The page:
Highlights of Najib’s 1MDB trial Sept 30-Oct 1

Datuk Seri Najib Razak is pictured at the Kuala Lumpur High Court October 1, 2019. — Picture by Miera Zulyana
Datuk Seri Najib Razak is pictured at the Kuala Lumpur High Court October 1, 2019. — Picture by Miera Zulyana

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KUALA LUMPUR, Oct 5 — More scandals involving 1Malaysia Development Berhad (1MDB) were uncovered at Datuk Seri Najib Razak’s trial this week, such as alleged siphoning of funds into joint ventures purportedly for the purpose of raising funds for the 13th general election (GE13).

In the midst of it all was Terengganu Investment Authority Berhad (TIA) later 1MDB former chief executive officer Datuk Shahrol Azral Ibrahim Halmi, 49, whom the prosecution called as the ninth and one of its key witnesses.

The former prime minister now 66, is facing four charges of having used his position to obtain gratification totalling RM2.3 billion from 1MDB and 21 counts of money laundering involving the same funds.

Najib, who is also Pekan MP allegedly committed the four offences at AmIslamic Bank Berhad, Jalan Raja Chulan branch, Bukit Ceylon here between February 24, 2011, and December 19, 2014, and the 21 charges, at the same place between March 22, 2013, and August 30, 2013.

Following are highlights of the evidence presented by the witness before High Court Judge Collin Lawrence Sequerah:

Former 1MDB CEO Datuk Shahrol Azral Ibrahim Halmi is pictured at the Kuala Lumpur High Court October 1, 2019. — Picture by Miera Zulyana
Former 1MDB CEO Datuk Shahrol Azral Ibrahim Halmi is pictured at the Kuala Lumpur High Court October 1, 2019. — Picture by Miera Zulyana

DAY 15 (Sept 30)

  • An excess of US$790,354,855.00 in security deposit paid to Aabar Investment PJS Ltd (Aabar) by 1MDB was credited into Najib’s account.
  • The payment was related to the acquisition of Genting (Genting Sanyen), which was concluded with financing via a RM700 million bridging loan and issuance of bonds worth US$1.75 billion.
  • The witness himself noted that there was a huge excess from the financing for the acquisition. But he had no idea that the excess in security deposit payment totalling US$790,354,855.00 to Aabar was intended for fraud by others.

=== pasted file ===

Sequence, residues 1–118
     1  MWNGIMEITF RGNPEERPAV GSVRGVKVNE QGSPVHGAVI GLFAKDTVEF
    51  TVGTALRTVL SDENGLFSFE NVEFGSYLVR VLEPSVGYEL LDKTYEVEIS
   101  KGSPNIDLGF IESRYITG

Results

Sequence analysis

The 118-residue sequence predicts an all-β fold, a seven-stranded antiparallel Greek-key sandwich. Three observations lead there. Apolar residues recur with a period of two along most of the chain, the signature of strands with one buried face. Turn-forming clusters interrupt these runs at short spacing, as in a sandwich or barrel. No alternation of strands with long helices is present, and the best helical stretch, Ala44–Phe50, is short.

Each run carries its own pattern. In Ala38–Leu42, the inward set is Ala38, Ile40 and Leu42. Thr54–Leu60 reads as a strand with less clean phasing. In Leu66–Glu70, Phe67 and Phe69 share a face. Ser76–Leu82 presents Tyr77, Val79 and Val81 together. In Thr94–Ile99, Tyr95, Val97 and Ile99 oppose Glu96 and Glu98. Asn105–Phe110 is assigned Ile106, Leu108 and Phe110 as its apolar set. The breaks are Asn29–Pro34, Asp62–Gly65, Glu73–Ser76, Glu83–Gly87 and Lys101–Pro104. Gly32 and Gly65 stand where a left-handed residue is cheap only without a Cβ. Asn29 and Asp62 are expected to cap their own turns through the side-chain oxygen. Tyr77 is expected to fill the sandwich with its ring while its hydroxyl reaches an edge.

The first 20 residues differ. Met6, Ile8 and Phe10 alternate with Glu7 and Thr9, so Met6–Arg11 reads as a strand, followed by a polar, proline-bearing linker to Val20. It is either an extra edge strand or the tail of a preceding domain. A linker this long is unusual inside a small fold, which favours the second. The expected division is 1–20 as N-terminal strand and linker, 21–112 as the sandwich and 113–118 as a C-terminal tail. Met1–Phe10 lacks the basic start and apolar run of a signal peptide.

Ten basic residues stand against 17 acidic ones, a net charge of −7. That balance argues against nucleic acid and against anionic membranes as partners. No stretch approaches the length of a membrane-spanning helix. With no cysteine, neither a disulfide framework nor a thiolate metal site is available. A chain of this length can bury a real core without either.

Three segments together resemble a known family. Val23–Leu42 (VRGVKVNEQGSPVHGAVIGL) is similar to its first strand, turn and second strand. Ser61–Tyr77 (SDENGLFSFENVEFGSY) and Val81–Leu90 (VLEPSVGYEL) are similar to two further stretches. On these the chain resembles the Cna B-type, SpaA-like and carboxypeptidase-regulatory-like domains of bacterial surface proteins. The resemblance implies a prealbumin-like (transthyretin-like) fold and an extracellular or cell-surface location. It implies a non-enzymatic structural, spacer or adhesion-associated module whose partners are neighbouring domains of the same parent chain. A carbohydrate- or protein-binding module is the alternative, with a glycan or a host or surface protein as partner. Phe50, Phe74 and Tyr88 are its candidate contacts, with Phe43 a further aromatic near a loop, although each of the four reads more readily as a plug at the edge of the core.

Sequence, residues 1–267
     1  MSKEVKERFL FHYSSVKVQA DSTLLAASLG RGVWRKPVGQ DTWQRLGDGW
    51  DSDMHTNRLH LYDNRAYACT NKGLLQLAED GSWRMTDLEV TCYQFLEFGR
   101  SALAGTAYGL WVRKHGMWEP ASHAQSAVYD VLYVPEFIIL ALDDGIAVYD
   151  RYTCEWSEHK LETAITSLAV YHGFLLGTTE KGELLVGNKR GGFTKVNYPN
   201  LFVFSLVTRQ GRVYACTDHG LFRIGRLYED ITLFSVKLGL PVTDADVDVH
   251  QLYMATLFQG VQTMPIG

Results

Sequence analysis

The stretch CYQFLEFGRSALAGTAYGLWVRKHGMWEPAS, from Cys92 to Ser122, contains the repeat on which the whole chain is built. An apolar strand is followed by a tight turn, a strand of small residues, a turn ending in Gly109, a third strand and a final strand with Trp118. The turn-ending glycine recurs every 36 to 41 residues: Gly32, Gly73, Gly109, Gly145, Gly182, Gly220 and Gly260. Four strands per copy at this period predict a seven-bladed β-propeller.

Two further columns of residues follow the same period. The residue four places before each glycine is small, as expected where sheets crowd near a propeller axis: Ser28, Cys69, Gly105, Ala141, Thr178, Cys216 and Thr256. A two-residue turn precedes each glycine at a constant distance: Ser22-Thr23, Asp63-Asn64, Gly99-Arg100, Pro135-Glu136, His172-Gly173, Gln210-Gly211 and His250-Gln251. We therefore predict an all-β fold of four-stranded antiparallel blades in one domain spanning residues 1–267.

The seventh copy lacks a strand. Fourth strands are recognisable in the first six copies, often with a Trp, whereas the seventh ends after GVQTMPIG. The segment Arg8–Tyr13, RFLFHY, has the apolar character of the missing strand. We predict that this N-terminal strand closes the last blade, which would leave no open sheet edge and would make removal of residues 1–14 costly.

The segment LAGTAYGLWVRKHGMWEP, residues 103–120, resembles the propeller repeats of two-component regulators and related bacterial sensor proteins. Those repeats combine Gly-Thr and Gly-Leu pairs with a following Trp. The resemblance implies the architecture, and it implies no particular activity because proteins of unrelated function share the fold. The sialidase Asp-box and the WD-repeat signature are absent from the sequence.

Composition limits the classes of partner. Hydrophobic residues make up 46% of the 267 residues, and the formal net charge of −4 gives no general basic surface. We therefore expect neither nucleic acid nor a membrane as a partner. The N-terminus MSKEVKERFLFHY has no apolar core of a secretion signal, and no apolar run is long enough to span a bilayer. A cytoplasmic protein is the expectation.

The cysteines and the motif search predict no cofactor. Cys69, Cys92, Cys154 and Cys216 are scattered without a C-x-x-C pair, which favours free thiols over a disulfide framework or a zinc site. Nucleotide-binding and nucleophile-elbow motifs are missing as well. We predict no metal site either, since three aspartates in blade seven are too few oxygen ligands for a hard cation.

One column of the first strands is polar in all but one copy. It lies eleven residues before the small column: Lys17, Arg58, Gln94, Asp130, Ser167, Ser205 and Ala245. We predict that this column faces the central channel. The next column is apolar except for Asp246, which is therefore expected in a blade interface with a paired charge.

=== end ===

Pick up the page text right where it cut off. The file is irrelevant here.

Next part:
• The security deposit payment was made in good faith based on documentation prepared by Jasmine Loo (1MDB’s lawyer), Terence Geh (1MDB director) and Tim Leissner (Goldman Sachs, Asia CEO).
  • The witness only learnt during the investigation that the security deposit was arranged by Jho Low (fugitive businessman, Low Taek Jho) to enable 1MDB funds to go into accounts under his control and subsequently deposited into Datuk Seri Najib’s account.
  • The joint venture between 1MDB and Aabar Investment PJS Ltd (Aabar) was for purpose of fundraising for the 13th General Election (GE13) and the collaboration between the two companies was suggested by Najib himself.
  • Jho Low informed the witness that the joint venture with Aabar would have a huge impact on GE13.
  • Jho Low was given the mandate to pass Najib’s instructions on management of 1MDB.
  • Witness was convinced that although Jho Low had no official power in 1MDB, he had, from the very beginning, the mandate to pass Datuk Seri Najib’s instructions on to him and the entire 1MDB management.
  • 1MDB could no longer engage in any more loan agreements after May 2009 without Najib’s approval.
  • After TIA which morphed into 1MDB received federal government guarantee in May 2009, it was restricted from engaging in any new loan agreements except with the approval of the Finance Minister under the Loan Guarantee (Bodies Corporate) Act 1965.

DAY 16 (Oct 1)

  • Witness realised the pattern of leakages from 1MDB from 2009 through 2013 had always been to borrow funds for projects that were ostensibly good for the nation, and then siphon some of the borrowed funds.
  • He said over the years, the method was refined and tightened up, leaving less and less room for discussion on fundraising by the management of 1MDB and its Board of Directors (BOD).
  • Witness could tell from the body language of both Najib and Jho Low that they were “positive and very comfortable” with each other based on his observation on numerous occasions when Jho Low was at Najib’s house.
  • Jho Low was not only familiar with the layout of Najib’s home but also with the accused’s family members from the way he talked about them.
  • Witness was instructed to leave the country by Najib’s office to avoid a Public Accounts Committee hearing in Parliament in 2015.
  • The witness who was appointed as 1MDB CEO in 2009 and ordered to move to Pemandu, the government’s performance management and delivery unit on March 15, 2013, said then 1MDB CEO Arul Kanda Kandasamy told him that the PMO had instructed him to travel overseas to avoid the first PAC meeting.
  • Witness said he flew to Singapore for one day. — Bernama

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